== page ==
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The Rush To Retire And What It Means To You

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All the evidence isn’t in, but it’s clear that many Americans accelerated their retirement plans during the pandemic and the rush to retire probably isn’t over.

In September 2020, about 3.2 million more baby boomers were retired than a year earlier, according to a Pew Research Center report. In each of the previous four years, the number of retirees increased on average by fewer than two million people annually. So, there was more than a 50% increase in retirements in 2020.

About 2.7 million Americans who are age 55 or older said they are contemplating applying for Social Security benefits before full retirement age, according to a Census Bureau survey. Only 1.4 million in the survey said they planned to continue working to full retirement age or beyond.

The percentage of people who expect to work past age 67 declined to a record low in 2020, according to a New York Federal Reserve survey.

There are a number of reasons for the surge in earlier retirement, which reverses decades of a slowly rising average retirement age.

The pandemic caused people to rethink their priorities. It also forced others out of the labor market.

Rapid increases in stock and home prices improved the financial position of many people, causing them to conclude they could afford to retire earlier.

Whatever the cause, it’s bad news for the Social Security retirement trust fund. We’re still waiting for the 2021 annual report from the program’s trustees, but it’s likely to show the trust fund will run out of money years earlier than estimated in last year’s report.

That could create problems for the big spending plans in Washington. The politicians soon might be told that they’ll have to start adding hundreds of billions of dollars to Social Security fewer than 10 years from now.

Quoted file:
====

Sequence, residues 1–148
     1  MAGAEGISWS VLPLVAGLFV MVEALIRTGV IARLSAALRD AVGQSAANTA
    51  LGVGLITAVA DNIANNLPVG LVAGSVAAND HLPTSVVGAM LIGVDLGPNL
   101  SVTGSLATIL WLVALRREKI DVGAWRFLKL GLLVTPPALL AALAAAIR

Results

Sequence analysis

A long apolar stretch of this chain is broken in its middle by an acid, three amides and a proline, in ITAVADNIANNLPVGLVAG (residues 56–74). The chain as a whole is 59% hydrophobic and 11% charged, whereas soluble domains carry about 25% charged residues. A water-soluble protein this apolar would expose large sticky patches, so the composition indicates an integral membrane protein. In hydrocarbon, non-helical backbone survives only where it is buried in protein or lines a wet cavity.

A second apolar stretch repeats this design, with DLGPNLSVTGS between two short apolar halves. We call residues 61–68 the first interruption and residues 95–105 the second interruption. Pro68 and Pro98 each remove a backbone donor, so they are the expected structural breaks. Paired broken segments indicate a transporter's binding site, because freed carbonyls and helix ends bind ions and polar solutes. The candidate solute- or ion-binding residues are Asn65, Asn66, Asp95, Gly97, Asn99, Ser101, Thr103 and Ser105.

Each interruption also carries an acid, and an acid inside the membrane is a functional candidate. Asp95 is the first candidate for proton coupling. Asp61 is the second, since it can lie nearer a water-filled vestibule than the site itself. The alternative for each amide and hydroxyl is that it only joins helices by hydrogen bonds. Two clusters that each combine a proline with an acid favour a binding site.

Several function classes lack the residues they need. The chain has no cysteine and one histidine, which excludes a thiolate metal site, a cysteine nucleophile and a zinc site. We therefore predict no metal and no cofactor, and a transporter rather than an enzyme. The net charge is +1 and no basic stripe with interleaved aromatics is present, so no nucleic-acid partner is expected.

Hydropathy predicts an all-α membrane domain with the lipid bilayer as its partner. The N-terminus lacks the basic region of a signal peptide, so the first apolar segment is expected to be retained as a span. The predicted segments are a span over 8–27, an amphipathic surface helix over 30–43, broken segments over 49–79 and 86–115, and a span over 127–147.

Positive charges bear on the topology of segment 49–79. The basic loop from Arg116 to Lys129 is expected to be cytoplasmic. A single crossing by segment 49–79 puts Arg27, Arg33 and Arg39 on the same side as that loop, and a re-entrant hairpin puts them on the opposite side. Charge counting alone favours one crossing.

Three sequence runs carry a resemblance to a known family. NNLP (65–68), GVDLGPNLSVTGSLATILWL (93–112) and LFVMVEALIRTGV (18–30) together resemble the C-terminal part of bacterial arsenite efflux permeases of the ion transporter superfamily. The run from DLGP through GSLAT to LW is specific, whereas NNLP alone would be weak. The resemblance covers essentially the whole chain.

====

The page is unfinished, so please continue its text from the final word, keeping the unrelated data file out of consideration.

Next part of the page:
The move toward earlier retirements also could be bad news for retirees. They’ll face increased demand for all the goods and services they buy. Housing in traditional retirement areas already surged in price over the last year, and the prices continue to increase.

The early retirements are a cause of the labor shortage many businesses face, and that’s likely to become worse as more people retire earlier than they planned just a few years ago. Another loss to businesses is that the older workers who normally mentor and train newer employees are leaving the work force.

Perhaps some of these workers will come back to the work force as the economy improves or if the markets take a dive. Data cited in The New York Times indicates that a lot of the early retirements were involuntary for those 64 and younger. They lost their jobs during the pandemic and might be interested in returning to work.

But for now it looks like the average retirement age is decreasing, reversing a pattern of the last two decades when the average retirement age gradually increased. You need to consider this and how it might affect your own retirement or retirement plans.

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